That’s easier said than done. In gene synthesis, DNA letters are biochemically “stitched” together one at a time. Although the process results in something similar to natural DNA, it’s slow, cumbersome, and expensive. Currently, at roughly $1 per 10 DNA letters, synthesizing a 3 billion base pair human genome will rack up a pretty sum.

But the team is hopeful that innovations in DNA synthesis technology will help drive the costs down. The existence of the project itself is a good motivator for further developing the technology, they said, expressing confidence that costs will be cut by a factor of 1,000.

Genome Project-write (GP-write)

As ambitious as it sounds, Project Recode is actually a downgrade from an even bolder venture: GP-write.

First announced in 2016, GP-write naturally follows the original Human Genome Project, which read the sequence of the three billion chemical letters in the DNA blueprint of human life. But to synthetic biologists, reading nature’s code isn’t enough—to fully understand the intricacies hidden within our DNA, they want to be able to program it themselves.

GP-write officially launched with a two-page unveiling in the prestigious journal Science (amidst some controversy). Church and 24 other colleagues laid out their goal of synthetizing an entire human genome from scratch. These artificial genomes could then be inserted into human cells that had their natural DNA removed, potentially allowing scientists to pinpoint sequences that lead to various traits or diseases.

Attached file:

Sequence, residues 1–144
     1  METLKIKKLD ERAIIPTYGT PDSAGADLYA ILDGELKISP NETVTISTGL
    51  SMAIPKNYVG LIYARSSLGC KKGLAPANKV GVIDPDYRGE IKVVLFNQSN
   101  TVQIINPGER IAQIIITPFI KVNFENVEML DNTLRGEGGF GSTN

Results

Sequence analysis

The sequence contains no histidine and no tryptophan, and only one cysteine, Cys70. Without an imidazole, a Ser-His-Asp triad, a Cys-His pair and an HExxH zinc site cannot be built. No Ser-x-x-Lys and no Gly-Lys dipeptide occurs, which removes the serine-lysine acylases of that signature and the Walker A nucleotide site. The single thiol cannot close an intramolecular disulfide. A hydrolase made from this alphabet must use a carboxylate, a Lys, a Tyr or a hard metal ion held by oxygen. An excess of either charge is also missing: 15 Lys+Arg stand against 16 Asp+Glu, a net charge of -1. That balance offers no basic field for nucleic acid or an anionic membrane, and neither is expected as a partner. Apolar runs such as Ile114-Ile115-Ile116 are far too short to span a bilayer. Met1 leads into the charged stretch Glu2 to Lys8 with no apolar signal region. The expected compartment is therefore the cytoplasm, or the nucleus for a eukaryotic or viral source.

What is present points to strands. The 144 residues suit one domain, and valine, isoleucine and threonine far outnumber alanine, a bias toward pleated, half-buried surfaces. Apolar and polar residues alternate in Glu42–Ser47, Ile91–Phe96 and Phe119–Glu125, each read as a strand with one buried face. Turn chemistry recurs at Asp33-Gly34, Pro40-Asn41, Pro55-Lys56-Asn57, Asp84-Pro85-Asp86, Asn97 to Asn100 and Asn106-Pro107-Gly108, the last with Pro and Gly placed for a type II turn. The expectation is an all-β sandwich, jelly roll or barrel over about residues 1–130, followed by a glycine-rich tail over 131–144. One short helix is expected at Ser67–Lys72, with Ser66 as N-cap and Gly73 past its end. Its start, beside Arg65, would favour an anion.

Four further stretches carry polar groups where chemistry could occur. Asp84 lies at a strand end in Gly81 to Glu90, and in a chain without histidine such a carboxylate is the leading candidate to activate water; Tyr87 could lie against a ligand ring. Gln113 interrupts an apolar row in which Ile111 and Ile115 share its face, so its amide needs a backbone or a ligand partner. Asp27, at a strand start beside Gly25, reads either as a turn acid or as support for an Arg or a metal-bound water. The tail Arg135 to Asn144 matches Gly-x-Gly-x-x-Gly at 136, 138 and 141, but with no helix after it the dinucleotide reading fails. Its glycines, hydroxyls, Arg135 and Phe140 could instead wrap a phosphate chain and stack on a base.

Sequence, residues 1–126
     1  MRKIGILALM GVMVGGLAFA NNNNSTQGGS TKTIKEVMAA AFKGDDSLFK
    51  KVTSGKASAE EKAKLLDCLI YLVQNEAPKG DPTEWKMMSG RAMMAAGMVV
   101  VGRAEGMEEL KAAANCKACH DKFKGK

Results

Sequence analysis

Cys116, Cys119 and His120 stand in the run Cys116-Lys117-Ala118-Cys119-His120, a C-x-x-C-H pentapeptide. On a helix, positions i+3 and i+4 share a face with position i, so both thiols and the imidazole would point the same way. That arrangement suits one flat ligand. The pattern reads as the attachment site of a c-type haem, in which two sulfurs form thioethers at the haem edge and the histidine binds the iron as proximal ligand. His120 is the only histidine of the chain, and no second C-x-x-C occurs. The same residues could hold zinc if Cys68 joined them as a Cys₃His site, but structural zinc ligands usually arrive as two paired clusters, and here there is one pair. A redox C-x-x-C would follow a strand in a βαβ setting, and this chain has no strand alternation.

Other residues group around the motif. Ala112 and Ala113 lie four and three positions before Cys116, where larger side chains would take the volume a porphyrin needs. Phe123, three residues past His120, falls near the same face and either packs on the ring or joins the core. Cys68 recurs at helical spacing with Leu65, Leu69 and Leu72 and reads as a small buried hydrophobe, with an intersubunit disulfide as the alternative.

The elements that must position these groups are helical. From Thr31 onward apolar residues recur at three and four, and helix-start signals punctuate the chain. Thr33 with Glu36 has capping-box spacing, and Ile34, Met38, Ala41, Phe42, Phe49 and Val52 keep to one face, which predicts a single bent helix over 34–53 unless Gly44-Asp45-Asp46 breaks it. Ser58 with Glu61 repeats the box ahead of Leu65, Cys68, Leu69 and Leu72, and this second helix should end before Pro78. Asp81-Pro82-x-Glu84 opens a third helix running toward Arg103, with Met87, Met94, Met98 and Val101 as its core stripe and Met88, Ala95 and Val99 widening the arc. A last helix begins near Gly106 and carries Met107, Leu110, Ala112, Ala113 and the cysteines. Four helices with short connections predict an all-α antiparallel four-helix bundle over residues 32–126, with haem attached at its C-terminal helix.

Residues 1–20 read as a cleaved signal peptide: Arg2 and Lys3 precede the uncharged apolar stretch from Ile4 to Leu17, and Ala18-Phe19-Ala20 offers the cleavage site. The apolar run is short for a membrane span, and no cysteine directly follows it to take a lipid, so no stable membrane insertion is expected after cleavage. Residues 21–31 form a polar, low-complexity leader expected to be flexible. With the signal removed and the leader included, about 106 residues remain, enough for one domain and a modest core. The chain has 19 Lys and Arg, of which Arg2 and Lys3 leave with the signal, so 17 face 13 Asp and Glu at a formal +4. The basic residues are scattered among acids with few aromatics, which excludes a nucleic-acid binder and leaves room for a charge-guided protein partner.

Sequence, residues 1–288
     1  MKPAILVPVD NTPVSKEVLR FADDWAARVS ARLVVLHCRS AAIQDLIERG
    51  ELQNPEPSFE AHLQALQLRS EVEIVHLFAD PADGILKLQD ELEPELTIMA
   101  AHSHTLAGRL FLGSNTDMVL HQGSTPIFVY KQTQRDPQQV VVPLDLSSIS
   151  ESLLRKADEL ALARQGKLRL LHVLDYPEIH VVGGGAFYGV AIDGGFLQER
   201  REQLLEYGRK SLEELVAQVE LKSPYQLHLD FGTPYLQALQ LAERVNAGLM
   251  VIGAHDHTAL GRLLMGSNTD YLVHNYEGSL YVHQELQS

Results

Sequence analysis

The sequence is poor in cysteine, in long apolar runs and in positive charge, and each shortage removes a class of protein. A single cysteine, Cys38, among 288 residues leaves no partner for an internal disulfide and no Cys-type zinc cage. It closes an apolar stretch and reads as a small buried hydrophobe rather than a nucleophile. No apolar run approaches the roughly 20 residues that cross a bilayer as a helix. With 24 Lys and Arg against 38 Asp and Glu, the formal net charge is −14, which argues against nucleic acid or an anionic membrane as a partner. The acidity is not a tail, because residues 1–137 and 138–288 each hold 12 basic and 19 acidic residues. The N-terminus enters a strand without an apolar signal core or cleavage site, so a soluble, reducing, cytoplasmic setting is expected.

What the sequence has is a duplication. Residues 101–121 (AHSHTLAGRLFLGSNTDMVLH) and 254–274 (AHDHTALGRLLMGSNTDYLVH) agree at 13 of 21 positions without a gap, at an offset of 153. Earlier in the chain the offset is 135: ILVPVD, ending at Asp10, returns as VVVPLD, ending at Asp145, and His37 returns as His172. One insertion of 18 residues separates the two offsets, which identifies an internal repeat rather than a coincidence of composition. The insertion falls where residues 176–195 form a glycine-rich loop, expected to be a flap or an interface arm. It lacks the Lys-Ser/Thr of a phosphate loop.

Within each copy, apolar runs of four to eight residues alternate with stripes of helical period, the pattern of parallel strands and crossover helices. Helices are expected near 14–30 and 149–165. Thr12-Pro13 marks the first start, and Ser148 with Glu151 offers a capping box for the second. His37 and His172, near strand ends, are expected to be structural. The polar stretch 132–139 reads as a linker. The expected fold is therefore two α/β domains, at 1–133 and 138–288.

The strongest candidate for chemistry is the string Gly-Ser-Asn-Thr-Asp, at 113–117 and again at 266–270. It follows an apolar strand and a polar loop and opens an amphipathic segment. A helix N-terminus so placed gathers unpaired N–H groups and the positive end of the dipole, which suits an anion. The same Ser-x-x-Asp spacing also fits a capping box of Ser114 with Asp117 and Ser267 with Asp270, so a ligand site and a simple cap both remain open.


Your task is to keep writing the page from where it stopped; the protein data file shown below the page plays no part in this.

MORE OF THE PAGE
Amazing idea? Oh yeah. But unfortunately, the team’s lofty goals were brought down by a severe lack of funding.

Project Recode presents a revamped, more technically feasible alternative goal—something practical that can attract more funding. “We thought it was important to have a community-wide project that people could get behind,” explained Boeke.

Ultra-safe cells are a welcome goal.

“[They] could have a major impact on human health” by “making pharmaceuticals safer, cheaper, and reliable,” said Church. Using virus-proof cells, biotech companies can deliver vaccines, antibodies, and other drugs without having to worry about viral contamination. Ultra-safe cells may eventually be a good basis for various cell therapies.

Recoding isn’t just limited to making cells impervious to viruses.

The same technique can also be used to reduce the risk of cells becoming cancerous. Gene snippets with the letter CG have high mutation rates, which sometimes (combined with other forces) could lead to cancer. Replacing the CG in codons with synonymous equivalents could, theoretically, cut down on the chances of a cell turning cancerous.

So far the scientific community approves of the priority shift.

To Dr. Martin Fussenegger, a synthetic biologist at the Swiss Federal Institute of Technology, the move is a “terrific idea” that’s “more geared towards utilities and applications” of DNA synthesis.

That’s not to say GP-write has left its blue-sky goals behind.

“The overall GP-write project is focused on writing, editing, and building large genomes,” said Boeke. If Project Recode takes off, the technologies invented could one day allow synthetic biologists to engineer new functions into living organisms or create novel living things from scratch.

We see “a broad range of applications in other areas such as energy, agriculture, healthcare, chemicals, and bioremediation,” said Boeke.

Image Credit: Kateryna Kon / Shutterstock.com

Shelly Xuelai Fan is a neuroscientist at the University of California, San Francisco, where she studies ways to make old brains young again. In addition to research, she's also an avid science writer with an insatiable obsession with biotech, AI and all things neuro. She spends her spare time kayaking, bike camping and getting lost in the woods.